help me decipher these bulb specs

talley_sue_nycFebruary 27, 2011

I bought a ceiling fixture that uses a 4-pin compact flourescent bulb.

It came with a bulb in the box, and I need to buy a couple of spares so they're on hand. On the box it says "g24q-1"; that's the pin configuration, I'm sure.

It also says "CF13LD/E/827

lamp code; ;26095

165 mA

Colour: 827

Lumens: 900

So I checked for the "G24q-1" online, and found several.

(I deleted the maker and model number.) I'm particularly interested in what the "3000K" or "3500K" or "4100K" or 2700K" means.

F13DBX/SPX30/4P - NAED 20721 - 13 watt = 4 pin G24q-1 Base-3000K

CF13DD/E/841/ECO - 13 Watt - 4 Pin G24g-1 Base = 4100K

F13TBX/830/A/ECO=NAED 20891 = 13 watt 4 pin GX24q-1 Base - 3000K

PL-C 13W/835/4P/ALTO - NAED 20671 - 13 Watt - 4 Pin G24q-1 Base - 3500K

13W T4 D G24Q-1 5000K 4-PIN Double Tube 4 Pin Base

CF13DD/E/827 - 13 Watt - 4 Pin G24q-1 Base - 2700K

PL13D/E/50 - 13 Watt - 4 Pin G24q-1 Base - 5000K -

What do I buy?

They all *LOOK* the same. I'm not that worried about the base (though I wonder what that "X" is doing in the middle of one of them).

How do I tell which one I need?

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Hi Sue! Welcome back, I don't recall hearing from you for a while.

The "2700K" and similar numbers are the color temperature. It may seem like a paradox, but the higher the number the "cooler" (more bluish) the light. The 2700K lamp will be very close to incandescent color, and the 5000K lamp more like blue-sky outdoor light.

A common shorthand is to combine the first digit of the CRI (color rendering index, an indication of how well the lamp helps you distinguish colors) and the first two digits of the color temperature.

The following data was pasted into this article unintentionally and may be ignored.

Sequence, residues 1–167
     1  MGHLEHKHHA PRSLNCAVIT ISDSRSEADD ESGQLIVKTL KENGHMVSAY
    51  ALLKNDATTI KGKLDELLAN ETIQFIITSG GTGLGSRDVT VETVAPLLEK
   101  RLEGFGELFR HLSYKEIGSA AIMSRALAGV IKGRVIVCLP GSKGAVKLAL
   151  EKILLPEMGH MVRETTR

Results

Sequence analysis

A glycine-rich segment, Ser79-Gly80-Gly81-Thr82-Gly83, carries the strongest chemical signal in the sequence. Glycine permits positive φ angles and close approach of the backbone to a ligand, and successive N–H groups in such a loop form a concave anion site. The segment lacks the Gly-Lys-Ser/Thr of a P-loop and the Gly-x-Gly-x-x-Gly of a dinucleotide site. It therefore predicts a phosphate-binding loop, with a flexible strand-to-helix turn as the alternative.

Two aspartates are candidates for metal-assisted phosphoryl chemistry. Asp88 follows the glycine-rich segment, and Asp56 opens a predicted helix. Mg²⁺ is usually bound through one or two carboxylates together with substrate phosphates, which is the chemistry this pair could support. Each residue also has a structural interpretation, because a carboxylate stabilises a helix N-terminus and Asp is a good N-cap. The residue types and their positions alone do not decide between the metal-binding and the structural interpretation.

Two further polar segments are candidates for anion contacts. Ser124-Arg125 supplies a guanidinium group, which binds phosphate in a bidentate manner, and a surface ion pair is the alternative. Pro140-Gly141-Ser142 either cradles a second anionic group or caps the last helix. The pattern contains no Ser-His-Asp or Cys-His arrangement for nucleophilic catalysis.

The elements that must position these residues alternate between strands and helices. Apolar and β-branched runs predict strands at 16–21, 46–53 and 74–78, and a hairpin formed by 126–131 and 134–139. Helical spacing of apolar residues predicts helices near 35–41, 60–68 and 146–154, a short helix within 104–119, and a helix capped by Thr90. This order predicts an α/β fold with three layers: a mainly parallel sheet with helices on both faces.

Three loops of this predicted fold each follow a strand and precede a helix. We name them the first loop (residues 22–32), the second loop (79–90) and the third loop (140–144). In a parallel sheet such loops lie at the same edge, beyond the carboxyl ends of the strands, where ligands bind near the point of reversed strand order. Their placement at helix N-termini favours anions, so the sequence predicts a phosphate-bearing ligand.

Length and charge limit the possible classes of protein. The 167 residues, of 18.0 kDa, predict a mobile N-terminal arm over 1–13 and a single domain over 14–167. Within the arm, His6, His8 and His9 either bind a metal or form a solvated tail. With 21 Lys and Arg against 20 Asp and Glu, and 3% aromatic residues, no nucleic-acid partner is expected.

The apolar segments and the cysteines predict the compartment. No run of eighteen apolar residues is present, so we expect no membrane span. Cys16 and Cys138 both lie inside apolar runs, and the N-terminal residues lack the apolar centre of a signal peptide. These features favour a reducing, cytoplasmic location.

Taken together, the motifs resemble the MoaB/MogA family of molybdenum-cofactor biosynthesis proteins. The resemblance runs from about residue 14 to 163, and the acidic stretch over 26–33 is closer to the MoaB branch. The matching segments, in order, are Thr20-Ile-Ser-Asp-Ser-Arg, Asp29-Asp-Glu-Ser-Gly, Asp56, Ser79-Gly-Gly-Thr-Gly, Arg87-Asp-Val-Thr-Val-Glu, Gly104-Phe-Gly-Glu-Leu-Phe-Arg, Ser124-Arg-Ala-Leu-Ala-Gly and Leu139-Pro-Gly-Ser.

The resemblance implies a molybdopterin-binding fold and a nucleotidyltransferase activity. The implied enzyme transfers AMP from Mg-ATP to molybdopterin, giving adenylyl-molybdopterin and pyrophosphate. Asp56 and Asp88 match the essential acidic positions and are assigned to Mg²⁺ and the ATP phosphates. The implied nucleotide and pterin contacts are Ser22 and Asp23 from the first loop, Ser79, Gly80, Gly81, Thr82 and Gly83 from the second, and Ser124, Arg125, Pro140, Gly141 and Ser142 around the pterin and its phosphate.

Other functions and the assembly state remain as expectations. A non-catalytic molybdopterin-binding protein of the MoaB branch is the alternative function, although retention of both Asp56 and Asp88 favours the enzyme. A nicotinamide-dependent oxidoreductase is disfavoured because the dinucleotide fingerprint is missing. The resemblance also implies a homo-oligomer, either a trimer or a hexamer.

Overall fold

So, from the number CF13LD/E/827, I'd guess that what you have now is a compact fluorescent 13 watt lamp, 2700K color temperature, 80+ CRI (probably 82). I don't know what the LD and E stand for. The manufacturer's website might explain it, if you're really that interested.

I can't absolutely guarantee it, but the spare you identify as "CF13DD/E/827 - 13 Watt - 4 Pin G24q-1 Base - 2700K" sounds like it should work just fine.

G24 lamps are just starting to get established. A greater variety of spares should be available at home centers in the next couple of years. With luck you won't have to order online next time.

    Bookmark   February 27, 2011 at 10:06PM
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If I *want* a warmer color, am I fine to get one with a higher number?

It's interesting that the G24 seems a bit new. The lamp I got had a flange/tab on one side of the base, and it blocked the lamp from fitting into the socket. We had to break it off w/ a pliers. I'm wondering if the light fixture wasn't manufacturered properly to spec. I'd assumed it was the odd-brand lamp that they included w/ the fixture.

But now I'm thinking it's the fixture itself, bcs all the recognizable-name brands show that same tab on their lamp bases.

(and aren't you impressed that I know that "lamp" is the electrician's term for the bulb, and NOT for the fixture? ;-) )

    Bookmark   February 27, 2011 at 10:58PM
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Ron Natalie

Actually what most people perceive as "warmer" (yellower as apposed to blue) tones are lower color temperatures. The really higher color temperatures are as close to "daylight" as you are going to get with these things.